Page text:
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The Medanz festival is being hosted by Dunedin's Kazbah Studio, in Victoria Rd, with workshops and sessions also being held at Tainui School.
"Modern belly dance is really quite diverse and there will be a chance for people to experience a range of genres during the festival," event co-organiser and belly dance practitioner Anna Walsh said.
Belly dance was continually evolving, and now ranged from the traditional Egyptian oriental style through to tribal and fusion styles, she said.
"Fusion style belly dancing can be performed to virtually any kind of music, from Indian through to Celtic music," event co-organiser Bronwyn Mohring said.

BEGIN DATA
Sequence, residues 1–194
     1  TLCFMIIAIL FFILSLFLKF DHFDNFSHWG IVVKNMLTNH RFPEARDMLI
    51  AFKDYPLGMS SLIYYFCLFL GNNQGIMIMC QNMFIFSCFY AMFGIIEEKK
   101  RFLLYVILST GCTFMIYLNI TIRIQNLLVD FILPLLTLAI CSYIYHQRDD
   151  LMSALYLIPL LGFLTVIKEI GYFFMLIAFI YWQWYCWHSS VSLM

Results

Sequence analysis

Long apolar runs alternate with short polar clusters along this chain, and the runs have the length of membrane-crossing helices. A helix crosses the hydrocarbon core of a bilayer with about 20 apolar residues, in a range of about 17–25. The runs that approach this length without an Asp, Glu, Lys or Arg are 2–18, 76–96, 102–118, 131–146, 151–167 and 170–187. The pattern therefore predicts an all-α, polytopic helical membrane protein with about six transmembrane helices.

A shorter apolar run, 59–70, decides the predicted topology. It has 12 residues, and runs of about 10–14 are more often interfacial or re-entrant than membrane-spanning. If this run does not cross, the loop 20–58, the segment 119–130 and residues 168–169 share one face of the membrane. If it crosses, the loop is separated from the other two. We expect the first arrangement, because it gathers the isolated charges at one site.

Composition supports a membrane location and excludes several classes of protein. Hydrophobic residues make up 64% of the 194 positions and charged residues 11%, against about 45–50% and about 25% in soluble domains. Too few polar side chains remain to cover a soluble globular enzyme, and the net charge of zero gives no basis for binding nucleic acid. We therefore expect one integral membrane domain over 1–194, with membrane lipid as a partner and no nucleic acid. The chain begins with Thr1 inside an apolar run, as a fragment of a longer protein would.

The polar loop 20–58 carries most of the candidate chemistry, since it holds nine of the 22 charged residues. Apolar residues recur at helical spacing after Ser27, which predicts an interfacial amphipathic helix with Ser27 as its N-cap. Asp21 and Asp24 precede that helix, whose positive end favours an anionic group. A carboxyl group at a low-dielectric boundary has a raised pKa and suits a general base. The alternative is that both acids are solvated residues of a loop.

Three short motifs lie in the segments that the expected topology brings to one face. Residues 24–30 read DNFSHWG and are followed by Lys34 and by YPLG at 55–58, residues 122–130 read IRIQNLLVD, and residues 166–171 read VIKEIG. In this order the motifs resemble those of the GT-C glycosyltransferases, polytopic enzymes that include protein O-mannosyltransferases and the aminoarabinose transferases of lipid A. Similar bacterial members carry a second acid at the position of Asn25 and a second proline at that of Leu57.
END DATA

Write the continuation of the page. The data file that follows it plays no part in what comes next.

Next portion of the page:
Belly dancing has grown in popularity in the past 10 years, particularly the tribal style - which can be described as a dance version of "Simon says".
"Tribal belly dance is very dynamic and relies on a rapport between troupe members - it is a lot of fun to get up with a big group of people and dance," Mohring said.
Dunedin has several belly dancing groups and classes are popular among women of all ages.
"It is a very joyful dance form, full of self-expression, and which is very accepting of women's bodies."
The belly dance festival will culminate in a colourful show, entitled Raks Samimi, to be held at the Mayfair Theatre in South Dunedin on Saturday, April 14, at 7pm. The show, which is open to the public, will feature live drumming and a range of belly dance styles presented by performers from Dunedin and throughout New Zealand, alongside some of the festival's international guests.
There will also be a Hafla belly dance party on April 15 at 6.30pm in the Tainui School hall, which will also be open to the public.